9 impact them, and form authentic relationships with each other. Readers are encouraged to join the At The Table online community to share their experiences and opinions on issues that Church members involved in running ministries for young families, such as playgroups or mothers groups, will play a vital role in distributing At The Table magazine to the community. The September issue is now available and has a special dads theme, including Daddy day care : one man s experience as a stay-at-home dad. The magazine is also filled with health and wellbeing advice, recipes, exercise tips, book giveaways and more. If you would like free copies to distribute, To watch the TV show and for more information on how you can get involved in the ministry, go to or written by Melody Tan Adventist Record encourages quality conversation and welcomes your thoughtful comments. Comments are not subject to approval, but will be monitored by website administrators. Comments will be removed if they contain any of the following: Advertisements or websites Profanity Libellous statements Language insensitive to other religions Comments not relating to the topic Comments in all capital letters Individuals may not make statements on behalf of any organisation. You may not represent that you are another person, real or fictitious, or imply a connection with an organisation with which you are not affiliated. While you may challenge opinions, you may not write personal attacks about another commenter.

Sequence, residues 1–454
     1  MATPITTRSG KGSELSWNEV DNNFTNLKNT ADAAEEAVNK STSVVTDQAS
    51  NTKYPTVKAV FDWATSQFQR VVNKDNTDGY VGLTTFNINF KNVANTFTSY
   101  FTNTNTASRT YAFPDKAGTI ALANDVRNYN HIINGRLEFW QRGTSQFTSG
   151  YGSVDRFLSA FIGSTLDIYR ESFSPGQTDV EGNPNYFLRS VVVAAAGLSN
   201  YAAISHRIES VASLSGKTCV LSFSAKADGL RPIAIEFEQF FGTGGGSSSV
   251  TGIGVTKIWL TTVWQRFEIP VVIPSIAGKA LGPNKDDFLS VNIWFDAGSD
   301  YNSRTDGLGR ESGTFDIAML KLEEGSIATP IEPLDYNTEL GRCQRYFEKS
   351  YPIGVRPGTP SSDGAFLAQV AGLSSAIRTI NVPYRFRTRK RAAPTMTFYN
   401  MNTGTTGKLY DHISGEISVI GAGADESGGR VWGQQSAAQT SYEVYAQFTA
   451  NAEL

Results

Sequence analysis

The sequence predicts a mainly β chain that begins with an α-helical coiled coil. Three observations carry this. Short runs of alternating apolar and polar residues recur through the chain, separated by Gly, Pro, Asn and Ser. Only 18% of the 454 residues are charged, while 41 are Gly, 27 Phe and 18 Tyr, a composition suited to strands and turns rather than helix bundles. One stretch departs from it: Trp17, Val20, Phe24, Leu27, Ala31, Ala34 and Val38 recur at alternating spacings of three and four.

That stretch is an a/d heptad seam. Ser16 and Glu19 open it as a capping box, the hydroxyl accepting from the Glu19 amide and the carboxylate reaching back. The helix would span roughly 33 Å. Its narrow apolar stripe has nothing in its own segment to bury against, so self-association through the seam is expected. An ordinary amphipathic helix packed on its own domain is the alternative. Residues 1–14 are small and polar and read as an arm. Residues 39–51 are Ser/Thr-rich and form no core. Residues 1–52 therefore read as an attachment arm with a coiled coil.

10 Comment threads will automatically close after seven days. Comments made during this period will remain visible on the website. Adventist Record reserves the right to remove any comments at any time. The opinions expressed in Adventist Record comments are those of the author and do not necessarily reflect those of Adventist Media and/or the Seventh-day Adventist Church.